Jaguar’s XF R-Sport Sticks It to the Germans

With power and pomp, the XF R-Sport exudes the posh exclusivity that defines British automobiles.

All luxury vehicles with sporting pretensions must take their fight to the Germans. That’s the yardstick against which performance-sedan traits are measured in the minds of both the media and consumers. How does it hold up to a Merc, a BMW, or an Audi? It’s true for the Japanese, the Americans and the British — the latter, of course, meaning Jaguar, since Bentley and Rolls-Royce more or less own their own categories.

In some ways, that perpetual comparison is fair. (After all, the Germans make great performance sedans.) But it’s also a pity, because while each of those countries manufactures high-end sedans with their own handling characteristics, design traits and cabin feel, there’s continued pressure to make them somehow “German” in look or feel. And I don’t want that.

I understand that car manufacturers are obligated to produce what their customers want, but I want my USA-made Cadillac or Lincoln to always feel American — whatever that means — and the same thing applies to Lexus, Infiniti and Acura. I want to be able to at least sense a vehicle’s provenance just by being in it, and I want it to be the best version of that nationalistic backstory. As for Jaguar, I made sorting out that uniquely challenged brand’s overall “Britishness” a primary objective when evaluating the newly redesigned XF R-Sport ($60,650) sedan. The question became two-part: why snag a Jag over any of the other deeply entrenched luxury models out there? And does the XF exude that posh exclusivity that one craves from a British automobile?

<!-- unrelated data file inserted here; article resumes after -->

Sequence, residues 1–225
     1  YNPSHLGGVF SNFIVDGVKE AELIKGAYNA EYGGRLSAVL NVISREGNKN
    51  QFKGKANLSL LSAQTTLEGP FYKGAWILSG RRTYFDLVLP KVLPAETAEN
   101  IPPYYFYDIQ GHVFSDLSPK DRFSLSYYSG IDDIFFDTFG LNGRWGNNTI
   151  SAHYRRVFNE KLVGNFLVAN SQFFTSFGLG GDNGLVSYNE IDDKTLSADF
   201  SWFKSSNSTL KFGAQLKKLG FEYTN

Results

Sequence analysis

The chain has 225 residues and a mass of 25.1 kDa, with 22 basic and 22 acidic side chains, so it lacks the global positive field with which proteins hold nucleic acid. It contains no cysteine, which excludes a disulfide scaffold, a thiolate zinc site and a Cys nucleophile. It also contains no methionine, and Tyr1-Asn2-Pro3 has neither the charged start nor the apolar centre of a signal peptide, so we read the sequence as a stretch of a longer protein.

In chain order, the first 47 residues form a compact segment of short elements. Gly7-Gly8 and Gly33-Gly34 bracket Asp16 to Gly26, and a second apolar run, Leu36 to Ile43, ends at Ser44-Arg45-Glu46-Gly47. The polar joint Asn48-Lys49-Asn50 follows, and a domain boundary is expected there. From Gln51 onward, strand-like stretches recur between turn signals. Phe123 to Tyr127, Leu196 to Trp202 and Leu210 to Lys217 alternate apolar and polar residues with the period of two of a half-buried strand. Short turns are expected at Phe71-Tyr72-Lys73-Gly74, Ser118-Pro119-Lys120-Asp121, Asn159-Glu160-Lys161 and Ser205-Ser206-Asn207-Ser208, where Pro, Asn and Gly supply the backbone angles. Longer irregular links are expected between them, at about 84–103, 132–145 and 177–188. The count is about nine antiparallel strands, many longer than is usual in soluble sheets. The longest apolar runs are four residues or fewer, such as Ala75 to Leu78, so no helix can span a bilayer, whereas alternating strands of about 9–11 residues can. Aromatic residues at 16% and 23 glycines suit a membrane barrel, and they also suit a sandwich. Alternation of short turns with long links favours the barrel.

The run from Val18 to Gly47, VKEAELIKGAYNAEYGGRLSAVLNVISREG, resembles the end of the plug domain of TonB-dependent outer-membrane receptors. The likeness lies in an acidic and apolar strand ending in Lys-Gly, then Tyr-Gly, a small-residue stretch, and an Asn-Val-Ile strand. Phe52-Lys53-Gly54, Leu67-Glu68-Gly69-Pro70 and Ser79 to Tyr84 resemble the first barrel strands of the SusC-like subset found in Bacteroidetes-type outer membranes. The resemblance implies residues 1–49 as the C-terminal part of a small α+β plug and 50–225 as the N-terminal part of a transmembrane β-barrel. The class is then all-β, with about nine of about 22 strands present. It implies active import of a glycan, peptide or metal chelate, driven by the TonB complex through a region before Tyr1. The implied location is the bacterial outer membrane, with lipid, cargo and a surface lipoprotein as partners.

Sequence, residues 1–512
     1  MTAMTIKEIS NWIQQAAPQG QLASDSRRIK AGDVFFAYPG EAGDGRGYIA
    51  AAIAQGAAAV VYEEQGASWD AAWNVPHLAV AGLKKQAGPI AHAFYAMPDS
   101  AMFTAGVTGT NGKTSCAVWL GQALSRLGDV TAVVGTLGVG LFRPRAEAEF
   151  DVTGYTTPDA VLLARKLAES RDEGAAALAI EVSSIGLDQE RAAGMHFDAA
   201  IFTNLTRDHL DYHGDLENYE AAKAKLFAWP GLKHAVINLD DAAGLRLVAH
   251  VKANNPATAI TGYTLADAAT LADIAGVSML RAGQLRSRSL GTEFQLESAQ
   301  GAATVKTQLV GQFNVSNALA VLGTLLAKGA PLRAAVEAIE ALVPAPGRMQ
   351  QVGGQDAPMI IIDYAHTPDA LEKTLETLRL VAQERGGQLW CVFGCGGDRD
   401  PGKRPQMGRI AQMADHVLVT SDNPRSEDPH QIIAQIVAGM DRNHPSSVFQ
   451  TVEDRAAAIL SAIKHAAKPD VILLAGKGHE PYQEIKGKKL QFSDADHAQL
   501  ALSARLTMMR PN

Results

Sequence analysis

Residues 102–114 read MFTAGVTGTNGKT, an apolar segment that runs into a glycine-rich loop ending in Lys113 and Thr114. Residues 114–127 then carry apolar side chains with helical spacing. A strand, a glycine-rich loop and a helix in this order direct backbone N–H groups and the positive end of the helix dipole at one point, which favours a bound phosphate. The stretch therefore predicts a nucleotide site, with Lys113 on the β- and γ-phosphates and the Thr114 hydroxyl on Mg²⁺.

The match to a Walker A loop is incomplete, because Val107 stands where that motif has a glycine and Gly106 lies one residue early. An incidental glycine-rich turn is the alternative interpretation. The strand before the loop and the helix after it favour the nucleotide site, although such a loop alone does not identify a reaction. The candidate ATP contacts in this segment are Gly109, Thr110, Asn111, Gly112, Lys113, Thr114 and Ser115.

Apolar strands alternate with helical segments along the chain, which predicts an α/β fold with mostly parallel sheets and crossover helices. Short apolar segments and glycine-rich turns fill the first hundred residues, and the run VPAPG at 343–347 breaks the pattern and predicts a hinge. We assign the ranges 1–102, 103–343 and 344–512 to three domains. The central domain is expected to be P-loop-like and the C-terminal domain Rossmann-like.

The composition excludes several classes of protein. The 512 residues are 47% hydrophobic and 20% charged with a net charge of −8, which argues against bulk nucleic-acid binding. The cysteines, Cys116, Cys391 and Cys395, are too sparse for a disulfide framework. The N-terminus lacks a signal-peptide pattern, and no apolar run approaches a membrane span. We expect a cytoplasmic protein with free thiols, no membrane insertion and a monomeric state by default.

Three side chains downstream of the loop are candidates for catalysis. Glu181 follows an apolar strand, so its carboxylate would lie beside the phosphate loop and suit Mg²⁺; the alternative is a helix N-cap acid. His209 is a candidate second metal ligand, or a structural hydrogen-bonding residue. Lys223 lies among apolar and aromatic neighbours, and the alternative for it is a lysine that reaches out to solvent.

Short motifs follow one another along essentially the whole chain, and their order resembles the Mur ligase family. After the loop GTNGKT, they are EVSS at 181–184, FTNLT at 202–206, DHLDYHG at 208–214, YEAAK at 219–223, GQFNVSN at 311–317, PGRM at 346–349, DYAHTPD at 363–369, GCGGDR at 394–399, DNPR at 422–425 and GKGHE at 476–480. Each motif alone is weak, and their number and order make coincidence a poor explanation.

2016 Jaguar XF R-Sport Specs

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Engine: supercharged 3.0-liter V6
Transmission: eight-speed ZF Automatic
Horsepower: 340
Torque: 332 lb-ft
Drive System: RWD
0-60 mph: 5.2 seconds
MPG (City/Hwy): 20/30
MSRP: $60,650 R-Sport base; $72,285 as tested

The new XF — Jag’s mid-place sedan, above the XE and below the flagship XJ — brings enhancements from bumper to bumper that improve performance and make the driving experience every bit as energetic and modern as its competition. The engineers achieved that firstly through generous use of aluminum in the structure — 75 percent of it uses the material, generating a weight savings of 11 percent and enhancing overall stiffness by 28 percent. Underneath, the suspension is partially ripped from the F-Type sports car, with its aluminum double wishbone up front, and an aluminum integral-link setup in the back.

The front hood arcs downward and inward slightly, aiming for a point just ahead of the bumper, and it echoes not only the ’70s and ’80s cars, but also the renowned, glamorous saloons and estate cars of the ’50s and ’60s.